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Yanks
Mon, Jun 6, 2022, 12:55pm (UTC -5)
Nice review as always Jammer. I had to look up "Kewl" ... lol

You can tell that Hulu has given 'The Orville' some serious cash. I always loved their cgi etc., but this has really taken a step up. Impressive.

I'm also fine with no comedy here. It would have been so out of place in this episode. As long as they keep it organic it will be fine.

Does anyone know how they are solving the Norm Macdonald thing with Yaphit? (pretty funny seeing him in a space suit BTW...) Is this an impressionist doing his best Norm?

I like Charlie, and it would be hard not to agree with her stance here.

I was hoping that this would have revealed some underlying emotion from Isaac but it appears they won't be going that way)

3 stars from me.
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Jammer
Mon, Jun 6, 2022, 8:04pm (UTC -5)
@Yanks: "Does anyone know how they are solving the Norm Macdonald thing with Yaphit? (pretty funny seeing him in a space suit BTW...) Is this an impressionist doing his best Norm?"

All of Norm Macdonald's dialogue for season 3 was recorded before he died. Parts of this season were filmed long ago, and the rest were filmed forever ago.
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Yanks
Tue, Jun 7, 2022, 12:20pm (UTC -5)
Ah, thanks Jammer.
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Jaxon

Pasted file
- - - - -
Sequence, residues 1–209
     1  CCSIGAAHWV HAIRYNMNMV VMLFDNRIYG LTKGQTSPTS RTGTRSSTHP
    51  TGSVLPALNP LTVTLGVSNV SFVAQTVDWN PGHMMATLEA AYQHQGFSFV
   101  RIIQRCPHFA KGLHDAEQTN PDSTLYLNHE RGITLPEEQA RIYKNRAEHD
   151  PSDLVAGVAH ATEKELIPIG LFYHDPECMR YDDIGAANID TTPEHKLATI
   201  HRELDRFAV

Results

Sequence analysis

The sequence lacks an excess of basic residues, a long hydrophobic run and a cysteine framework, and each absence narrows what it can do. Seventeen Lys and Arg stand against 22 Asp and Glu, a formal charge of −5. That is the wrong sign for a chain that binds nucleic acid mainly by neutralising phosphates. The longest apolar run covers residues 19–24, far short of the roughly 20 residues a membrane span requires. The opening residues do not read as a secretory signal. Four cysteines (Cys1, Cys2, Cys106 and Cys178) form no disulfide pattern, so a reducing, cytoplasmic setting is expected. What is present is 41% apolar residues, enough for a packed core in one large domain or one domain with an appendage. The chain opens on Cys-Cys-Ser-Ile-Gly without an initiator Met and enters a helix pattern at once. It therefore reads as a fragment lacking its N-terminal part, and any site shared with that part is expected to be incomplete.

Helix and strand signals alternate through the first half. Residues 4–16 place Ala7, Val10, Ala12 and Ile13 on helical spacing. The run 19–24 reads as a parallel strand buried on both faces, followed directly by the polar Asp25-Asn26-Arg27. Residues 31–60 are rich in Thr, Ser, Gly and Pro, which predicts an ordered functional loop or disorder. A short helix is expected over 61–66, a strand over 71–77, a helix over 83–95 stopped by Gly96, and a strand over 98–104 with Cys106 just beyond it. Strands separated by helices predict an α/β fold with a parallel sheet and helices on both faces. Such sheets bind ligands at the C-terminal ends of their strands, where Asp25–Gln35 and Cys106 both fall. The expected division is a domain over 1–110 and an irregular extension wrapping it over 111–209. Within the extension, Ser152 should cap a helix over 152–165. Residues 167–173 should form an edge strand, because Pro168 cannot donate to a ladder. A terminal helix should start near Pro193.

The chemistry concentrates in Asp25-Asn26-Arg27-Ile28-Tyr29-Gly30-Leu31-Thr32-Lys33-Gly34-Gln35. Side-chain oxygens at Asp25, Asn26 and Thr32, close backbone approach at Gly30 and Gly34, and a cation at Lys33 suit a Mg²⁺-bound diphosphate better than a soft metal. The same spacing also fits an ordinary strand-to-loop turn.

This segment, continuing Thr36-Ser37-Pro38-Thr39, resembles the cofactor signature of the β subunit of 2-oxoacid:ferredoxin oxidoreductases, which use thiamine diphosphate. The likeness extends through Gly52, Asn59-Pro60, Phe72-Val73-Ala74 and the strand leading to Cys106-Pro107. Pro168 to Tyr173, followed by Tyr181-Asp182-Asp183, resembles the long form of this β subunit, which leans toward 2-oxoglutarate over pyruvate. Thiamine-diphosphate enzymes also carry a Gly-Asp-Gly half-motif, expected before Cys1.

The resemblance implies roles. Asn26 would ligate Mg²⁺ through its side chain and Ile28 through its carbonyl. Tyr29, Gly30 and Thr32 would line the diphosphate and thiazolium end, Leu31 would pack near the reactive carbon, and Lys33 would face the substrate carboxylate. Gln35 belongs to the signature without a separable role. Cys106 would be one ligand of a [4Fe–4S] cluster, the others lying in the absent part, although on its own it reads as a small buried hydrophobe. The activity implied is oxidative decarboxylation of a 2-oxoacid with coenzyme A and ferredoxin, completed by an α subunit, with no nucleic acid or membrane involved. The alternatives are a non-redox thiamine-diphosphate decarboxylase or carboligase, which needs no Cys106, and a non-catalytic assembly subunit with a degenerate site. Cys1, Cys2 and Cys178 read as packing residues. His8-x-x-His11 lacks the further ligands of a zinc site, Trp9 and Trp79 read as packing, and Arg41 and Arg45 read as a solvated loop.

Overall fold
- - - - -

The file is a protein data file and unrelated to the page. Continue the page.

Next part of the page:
Tue, Jun 7, 2022, 6:47pm (UTC -5)
"All of Norm Macdonald's dialogue for season 3 was recorded before he died. Parts of this season were filmed long ago, and the rest were filmed forever ago. "

By now the Finn kids probably look more like Tony Todd than Cirroc Lofton.
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JohnTY
Wed, Jun 8, 2022, 3:02am (UTC -5)
Too long. I checked how much was left 3 times.. Let's sweep passed the ship a couple more times.. Queue trumpets.

Not enough fun / funny. (Why do we need another serious Trek? Answer: we don't but it's what SM wanted all along. The man's ego encroaches on nearly every scene.)

Dream sequences that aren't clearly dream sequences from the start. Rest buttons.

Other than that, it was alright.

2 stars
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Tim
Tue, Jun 14, 2022, 9:43am (UTC -5)
I really hope this episode is a one off. The tone of this episode was completely off, zero comedy, very dark/sad, etc.

This show secured a place in my heart on par with TNG precisely because it dared to be happy/optimistic and episodic in an era where dark “10-hour movie” productions are the norm. Seth managed to find a way to channel TNG’s inherent optimism about the future with characters that felt more real (a comment above describes it as a workplace comedy, which is apt) than TNG’s ever did. These were real flawed human beings living in the future, a future that lived up to TNG’s ideals and found a way to successfully distill those for modern television audiences.